I was wrong, but the traffic numbers do not lie

New San Francisco-Oakland Bay Bridge not designed to handle more, but argument still the same

Blog Entry October 21, 2013

Bill Wilson is the editorial director of ROADS & BRIDGES magazine and has been covering the industry since 1999. He has won seven Robert F. Boger Awards for editorial excellence, including three in 2011. He also was the creator of the Top 10, Contractor's Choice Awards and Recycling Awards platforms, as well as ROADS & BRIDGES Live.

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OK, so the new San Francisco-Oakland Bay Bridge is smaller than I thought, but I am not going to reconfigure the basis of my argument.

A couple of weeks ago I penned a blog on the span, boasting about how it was designed to handle more traffic. Well, it really wasn’t, even though it does have shoulders—something the old bridge lacked.

I assumed the dimensions were wider mainly because I thought that’s what engineers did when they planned for a new bridge these days. With the population continuing to increase, why wouldn’t you try to accommodate for more cars when given the opportunity?

So now there is a big problem in northern California. The congestion is only going to get worse, and they have a brand new bridge incapable of handling the spike. The short-term fix would be to convert the shoulders into lanes. As far as the long-term fix, several traffic engineers are saying during peak hours the bridge will have to handle one-way traffic only. Congestion pricing could be another option.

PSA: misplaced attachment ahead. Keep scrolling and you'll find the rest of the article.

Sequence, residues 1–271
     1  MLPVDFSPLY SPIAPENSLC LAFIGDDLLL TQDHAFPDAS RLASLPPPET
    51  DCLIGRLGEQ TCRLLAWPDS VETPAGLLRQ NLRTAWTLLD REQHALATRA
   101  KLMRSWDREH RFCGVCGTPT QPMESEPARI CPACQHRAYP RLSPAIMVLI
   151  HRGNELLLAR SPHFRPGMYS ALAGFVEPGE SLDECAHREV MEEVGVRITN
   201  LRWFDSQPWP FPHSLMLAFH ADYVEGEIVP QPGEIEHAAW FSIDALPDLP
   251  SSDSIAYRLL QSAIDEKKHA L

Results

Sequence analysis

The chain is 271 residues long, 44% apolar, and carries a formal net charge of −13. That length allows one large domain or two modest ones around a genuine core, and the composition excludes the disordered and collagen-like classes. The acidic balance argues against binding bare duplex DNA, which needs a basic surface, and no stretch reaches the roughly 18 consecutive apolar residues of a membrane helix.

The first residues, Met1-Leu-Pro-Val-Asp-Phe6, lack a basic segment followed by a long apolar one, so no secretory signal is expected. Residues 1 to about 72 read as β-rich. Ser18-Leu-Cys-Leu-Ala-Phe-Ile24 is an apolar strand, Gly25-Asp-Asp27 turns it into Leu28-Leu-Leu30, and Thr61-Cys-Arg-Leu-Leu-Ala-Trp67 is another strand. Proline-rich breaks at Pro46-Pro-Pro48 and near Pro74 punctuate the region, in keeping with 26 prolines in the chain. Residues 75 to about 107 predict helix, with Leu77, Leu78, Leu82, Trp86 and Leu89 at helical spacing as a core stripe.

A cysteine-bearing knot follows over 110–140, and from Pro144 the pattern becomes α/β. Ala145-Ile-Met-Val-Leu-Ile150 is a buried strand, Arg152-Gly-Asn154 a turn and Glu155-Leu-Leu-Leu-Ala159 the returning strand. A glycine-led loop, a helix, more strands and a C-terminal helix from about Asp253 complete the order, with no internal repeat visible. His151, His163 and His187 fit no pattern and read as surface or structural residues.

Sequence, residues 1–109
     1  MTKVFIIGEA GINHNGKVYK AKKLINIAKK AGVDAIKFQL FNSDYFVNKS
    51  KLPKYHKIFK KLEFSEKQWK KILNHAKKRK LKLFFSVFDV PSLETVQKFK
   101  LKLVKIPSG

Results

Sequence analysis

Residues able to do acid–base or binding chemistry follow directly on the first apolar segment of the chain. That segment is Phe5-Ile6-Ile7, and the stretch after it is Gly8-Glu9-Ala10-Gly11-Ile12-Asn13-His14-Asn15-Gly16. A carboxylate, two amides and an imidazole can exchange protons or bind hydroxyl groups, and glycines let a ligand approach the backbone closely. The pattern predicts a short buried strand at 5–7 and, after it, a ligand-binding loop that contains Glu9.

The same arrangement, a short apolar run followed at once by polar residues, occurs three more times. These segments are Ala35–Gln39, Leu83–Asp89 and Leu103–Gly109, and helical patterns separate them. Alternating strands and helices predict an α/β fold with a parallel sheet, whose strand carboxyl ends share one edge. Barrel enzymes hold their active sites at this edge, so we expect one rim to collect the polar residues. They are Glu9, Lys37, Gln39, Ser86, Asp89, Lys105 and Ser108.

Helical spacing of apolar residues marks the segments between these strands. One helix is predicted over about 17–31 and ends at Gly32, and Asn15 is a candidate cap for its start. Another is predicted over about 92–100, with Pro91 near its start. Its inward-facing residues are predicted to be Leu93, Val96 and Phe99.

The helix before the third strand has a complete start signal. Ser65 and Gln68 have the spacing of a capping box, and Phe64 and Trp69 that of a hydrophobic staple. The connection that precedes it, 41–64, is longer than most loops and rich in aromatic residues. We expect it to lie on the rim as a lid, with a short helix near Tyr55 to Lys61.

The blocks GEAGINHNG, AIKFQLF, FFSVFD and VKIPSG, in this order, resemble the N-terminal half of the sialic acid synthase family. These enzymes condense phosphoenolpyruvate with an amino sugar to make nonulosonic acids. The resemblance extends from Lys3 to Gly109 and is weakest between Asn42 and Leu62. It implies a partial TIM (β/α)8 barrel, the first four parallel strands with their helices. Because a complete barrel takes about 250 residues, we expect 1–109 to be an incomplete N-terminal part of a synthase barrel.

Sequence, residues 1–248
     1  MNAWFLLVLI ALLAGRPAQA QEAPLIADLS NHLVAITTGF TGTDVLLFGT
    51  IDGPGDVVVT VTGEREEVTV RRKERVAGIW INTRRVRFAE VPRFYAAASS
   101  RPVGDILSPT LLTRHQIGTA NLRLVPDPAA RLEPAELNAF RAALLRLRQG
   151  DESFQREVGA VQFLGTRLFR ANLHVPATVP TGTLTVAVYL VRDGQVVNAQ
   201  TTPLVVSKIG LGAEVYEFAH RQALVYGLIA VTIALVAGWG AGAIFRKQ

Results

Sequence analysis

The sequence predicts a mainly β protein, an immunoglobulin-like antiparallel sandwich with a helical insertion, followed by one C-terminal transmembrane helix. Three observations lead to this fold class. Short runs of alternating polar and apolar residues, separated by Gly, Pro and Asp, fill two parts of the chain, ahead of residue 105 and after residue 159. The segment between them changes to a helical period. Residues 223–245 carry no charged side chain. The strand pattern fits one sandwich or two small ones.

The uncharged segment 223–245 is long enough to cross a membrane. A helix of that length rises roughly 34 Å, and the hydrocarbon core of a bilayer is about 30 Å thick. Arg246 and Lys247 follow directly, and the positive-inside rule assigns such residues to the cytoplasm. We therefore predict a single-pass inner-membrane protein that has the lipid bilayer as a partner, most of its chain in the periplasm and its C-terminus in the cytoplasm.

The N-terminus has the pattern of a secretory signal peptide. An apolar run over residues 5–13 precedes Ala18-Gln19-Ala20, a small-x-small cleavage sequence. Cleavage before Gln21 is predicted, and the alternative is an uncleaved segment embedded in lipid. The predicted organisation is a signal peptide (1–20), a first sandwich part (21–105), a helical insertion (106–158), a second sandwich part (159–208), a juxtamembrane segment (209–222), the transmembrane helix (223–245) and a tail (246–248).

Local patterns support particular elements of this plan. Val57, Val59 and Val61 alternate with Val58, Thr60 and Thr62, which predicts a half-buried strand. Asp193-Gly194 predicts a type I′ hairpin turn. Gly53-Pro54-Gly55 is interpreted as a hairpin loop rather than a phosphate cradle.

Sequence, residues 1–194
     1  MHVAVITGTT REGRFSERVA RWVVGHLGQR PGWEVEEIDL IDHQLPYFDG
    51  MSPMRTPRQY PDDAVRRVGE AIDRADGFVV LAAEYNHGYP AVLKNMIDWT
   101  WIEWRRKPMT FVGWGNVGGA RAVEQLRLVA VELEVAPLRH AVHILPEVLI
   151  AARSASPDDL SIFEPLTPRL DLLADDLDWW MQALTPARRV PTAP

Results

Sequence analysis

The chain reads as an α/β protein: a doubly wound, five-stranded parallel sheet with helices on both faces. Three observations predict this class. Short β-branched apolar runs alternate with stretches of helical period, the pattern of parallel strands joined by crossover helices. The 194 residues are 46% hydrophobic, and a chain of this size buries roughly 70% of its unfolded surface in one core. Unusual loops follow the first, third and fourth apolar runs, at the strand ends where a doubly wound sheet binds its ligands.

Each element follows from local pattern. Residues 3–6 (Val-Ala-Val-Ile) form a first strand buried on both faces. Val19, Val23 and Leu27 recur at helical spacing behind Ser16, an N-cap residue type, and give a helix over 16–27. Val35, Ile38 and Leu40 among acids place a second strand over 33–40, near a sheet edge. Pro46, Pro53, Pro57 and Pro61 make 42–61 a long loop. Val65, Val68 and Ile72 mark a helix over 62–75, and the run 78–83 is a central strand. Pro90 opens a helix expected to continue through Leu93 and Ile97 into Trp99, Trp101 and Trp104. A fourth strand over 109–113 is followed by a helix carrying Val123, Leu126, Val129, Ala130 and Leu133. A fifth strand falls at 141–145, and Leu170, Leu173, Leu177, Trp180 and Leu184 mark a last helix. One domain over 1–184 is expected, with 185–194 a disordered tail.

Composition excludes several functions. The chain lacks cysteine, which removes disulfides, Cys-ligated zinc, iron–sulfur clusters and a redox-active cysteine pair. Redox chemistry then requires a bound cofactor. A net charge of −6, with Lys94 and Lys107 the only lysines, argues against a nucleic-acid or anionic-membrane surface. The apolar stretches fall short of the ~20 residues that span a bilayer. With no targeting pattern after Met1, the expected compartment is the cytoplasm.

The main theme of my original argument was, when given the chance, we need to build our way out of congestion. Caltrans failed at this task. Engineers are all about conducting the necessary due-diligence. I admire the way they pour over the numbers, and traffic forecasts are always included when a major corridor is being constructed. So what was the line of thinking when the experts saw the predicted car counts for the next 20 years? I guess they thought it would be smaller.

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